A conference with Kimberlé Williams Crenshaw, Reina Gossett, Mariame Kaba, Dean Spade & others
Event Oval, The Diana Center
As the pendulum swings toward intensified immigration enforcement, discredited drug war tactics, expansion of “broken windows” policing, rampant Islamophobia, and attacks on gender, sexual and reproductive liberation, the current political climate fuels police violence against Black women and women of color on every front. In this context, women of color’s experiences of policing – often invisible in broader debates – must in turn fuel our resistance.
Join activists and scholars including Barbara Smith, Kimberlé Williams Crenshaw, Reina Gossett, Mariame Kaba, Dean Spade, and Elle Hearns for a two day conference exploring and building on the themes, trends, and organizing strategies outlined in the recently released Invisible No More: Police Violence Against Black Women and Women of Color by BCRW Researcher-in-Residence Andrea J. Ritchie. Through strategic discussions, participants will not only delve into the multiple forms and contexts of police violence against women of color, but will also work to collectively identify strategies to challenge the conditions that produce them, and thus begin to radically re-envision our approaches to violence and safety.
Combahee River Collective Mixtape: Black Feminist Sonic Dissent Then and Now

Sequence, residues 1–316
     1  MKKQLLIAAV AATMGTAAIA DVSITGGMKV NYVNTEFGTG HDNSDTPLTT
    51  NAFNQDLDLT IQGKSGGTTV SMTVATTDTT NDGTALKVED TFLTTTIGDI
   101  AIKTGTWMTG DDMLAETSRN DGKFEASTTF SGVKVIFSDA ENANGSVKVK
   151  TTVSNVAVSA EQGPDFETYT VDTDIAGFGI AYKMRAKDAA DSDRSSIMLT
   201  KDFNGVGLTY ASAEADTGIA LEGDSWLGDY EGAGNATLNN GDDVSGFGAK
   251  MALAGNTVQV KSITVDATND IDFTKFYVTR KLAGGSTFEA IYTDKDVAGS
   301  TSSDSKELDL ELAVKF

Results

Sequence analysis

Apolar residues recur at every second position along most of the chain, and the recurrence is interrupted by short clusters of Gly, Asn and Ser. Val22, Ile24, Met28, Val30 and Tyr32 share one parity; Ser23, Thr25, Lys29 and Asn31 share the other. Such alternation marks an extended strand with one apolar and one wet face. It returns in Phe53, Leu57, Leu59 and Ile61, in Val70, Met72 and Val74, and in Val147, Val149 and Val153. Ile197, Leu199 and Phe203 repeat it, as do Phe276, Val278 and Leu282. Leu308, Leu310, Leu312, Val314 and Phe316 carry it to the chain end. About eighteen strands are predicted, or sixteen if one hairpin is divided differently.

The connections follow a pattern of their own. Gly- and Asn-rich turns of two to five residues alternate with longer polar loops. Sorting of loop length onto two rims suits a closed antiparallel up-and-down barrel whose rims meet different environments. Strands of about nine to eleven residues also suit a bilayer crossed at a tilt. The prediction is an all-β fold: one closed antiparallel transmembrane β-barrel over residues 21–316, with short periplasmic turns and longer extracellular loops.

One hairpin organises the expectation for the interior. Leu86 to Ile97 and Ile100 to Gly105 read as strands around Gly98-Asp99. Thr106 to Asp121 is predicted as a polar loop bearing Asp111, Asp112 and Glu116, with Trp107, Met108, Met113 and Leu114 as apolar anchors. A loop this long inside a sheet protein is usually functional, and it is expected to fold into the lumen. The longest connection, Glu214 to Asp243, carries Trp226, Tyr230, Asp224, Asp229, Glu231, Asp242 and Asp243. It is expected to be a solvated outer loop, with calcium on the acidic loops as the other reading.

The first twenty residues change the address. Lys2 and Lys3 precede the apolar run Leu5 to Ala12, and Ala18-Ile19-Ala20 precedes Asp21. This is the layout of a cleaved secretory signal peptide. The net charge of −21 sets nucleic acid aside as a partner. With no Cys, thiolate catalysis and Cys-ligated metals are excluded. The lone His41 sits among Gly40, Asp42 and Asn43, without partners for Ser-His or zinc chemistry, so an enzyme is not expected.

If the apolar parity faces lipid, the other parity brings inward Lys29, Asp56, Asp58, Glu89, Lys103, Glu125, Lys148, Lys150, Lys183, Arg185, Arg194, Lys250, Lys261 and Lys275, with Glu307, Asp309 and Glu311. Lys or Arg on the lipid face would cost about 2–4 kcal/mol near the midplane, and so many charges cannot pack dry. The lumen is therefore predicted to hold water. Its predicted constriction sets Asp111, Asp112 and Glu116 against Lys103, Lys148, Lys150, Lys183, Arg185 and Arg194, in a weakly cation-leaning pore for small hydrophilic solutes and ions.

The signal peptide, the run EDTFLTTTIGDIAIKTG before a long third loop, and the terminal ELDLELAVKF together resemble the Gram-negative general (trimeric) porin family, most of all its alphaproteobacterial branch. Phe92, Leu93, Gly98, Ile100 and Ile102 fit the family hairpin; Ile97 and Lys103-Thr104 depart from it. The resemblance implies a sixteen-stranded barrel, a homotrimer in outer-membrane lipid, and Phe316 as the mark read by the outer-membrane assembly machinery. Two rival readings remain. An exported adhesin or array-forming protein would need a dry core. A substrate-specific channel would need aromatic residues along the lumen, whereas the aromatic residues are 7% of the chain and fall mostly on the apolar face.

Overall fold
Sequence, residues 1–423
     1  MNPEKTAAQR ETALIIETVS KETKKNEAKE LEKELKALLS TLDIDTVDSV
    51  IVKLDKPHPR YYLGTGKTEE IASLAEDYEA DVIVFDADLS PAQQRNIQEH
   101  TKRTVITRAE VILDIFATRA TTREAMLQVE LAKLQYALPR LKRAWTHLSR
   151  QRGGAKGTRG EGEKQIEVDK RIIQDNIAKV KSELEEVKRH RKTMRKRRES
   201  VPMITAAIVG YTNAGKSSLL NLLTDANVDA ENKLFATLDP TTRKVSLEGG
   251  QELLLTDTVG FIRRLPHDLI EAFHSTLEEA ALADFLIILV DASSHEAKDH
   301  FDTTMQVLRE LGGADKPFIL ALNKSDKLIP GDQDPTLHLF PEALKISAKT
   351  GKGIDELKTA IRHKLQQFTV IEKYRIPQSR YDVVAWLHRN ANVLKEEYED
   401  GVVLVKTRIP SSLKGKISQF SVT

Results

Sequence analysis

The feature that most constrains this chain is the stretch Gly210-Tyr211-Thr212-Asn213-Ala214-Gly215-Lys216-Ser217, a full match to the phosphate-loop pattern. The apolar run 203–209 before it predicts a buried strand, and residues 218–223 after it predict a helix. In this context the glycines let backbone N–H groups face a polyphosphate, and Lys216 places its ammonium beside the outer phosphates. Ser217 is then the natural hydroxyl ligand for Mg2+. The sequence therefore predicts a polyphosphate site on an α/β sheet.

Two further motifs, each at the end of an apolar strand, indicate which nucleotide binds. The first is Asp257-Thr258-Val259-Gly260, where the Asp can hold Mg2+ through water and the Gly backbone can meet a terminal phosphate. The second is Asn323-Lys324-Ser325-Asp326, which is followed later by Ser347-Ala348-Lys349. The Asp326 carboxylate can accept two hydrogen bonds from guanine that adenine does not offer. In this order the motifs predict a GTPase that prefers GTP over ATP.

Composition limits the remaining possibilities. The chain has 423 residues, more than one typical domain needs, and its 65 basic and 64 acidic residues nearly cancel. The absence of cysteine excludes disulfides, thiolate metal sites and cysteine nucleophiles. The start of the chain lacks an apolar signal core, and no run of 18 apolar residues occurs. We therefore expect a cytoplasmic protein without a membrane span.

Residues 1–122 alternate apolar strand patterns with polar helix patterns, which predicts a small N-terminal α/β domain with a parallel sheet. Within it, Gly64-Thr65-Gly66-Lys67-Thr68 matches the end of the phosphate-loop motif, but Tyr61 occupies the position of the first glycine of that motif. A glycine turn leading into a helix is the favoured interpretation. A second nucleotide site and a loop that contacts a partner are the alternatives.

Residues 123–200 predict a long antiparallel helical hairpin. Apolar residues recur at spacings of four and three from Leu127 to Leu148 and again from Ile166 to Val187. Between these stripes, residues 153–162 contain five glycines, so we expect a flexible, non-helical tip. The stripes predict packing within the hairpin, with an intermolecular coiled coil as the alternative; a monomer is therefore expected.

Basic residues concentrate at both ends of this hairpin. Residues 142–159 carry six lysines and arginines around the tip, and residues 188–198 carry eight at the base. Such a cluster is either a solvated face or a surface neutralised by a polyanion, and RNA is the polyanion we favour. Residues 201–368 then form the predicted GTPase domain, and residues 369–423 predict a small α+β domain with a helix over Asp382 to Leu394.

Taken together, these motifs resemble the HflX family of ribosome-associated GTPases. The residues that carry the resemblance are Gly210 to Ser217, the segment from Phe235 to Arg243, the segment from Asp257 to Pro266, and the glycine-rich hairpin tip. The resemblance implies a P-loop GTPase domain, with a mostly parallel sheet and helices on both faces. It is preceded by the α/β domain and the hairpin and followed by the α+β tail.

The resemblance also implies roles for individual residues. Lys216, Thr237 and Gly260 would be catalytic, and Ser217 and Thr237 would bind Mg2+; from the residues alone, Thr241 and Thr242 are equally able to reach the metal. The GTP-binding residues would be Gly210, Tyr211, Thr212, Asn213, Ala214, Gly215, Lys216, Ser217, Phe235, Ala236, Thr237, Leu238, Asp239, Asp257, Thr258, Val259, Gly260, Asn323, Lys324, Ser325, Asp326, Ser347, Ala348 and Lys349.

With Daphne Brooks, Kara Keeling, and Jacqueline Stewart
Co-sponsored by Institute for Research on Women and Gender Studies, Columbia University and the Center for the Study of Gender and Sexuality at NYU
Join BCRW in celebrating the 40th anniversary of the Combahee River Collective Statement, the radical Black feminist manifesto completed in 1977 that laid out key tenets of intersectional theory and social justice reform. Taking the works of wide range of artists as our point of departure—from musicians such as the Knowles Sisters and Nina Simone to visual artists like Carrie Mae Weems and the L.A. Rebellion filmmakers—we aim to build a bridge from this historic document to the present and future of Black feminism. Audience participation is key, as we invite all attendees to find new directions in which music and image will allow us to carry forth the manifesto’s cogent wisdom. Cosponsored by the Institute for Research on Women and Gender Studies at Columbia University.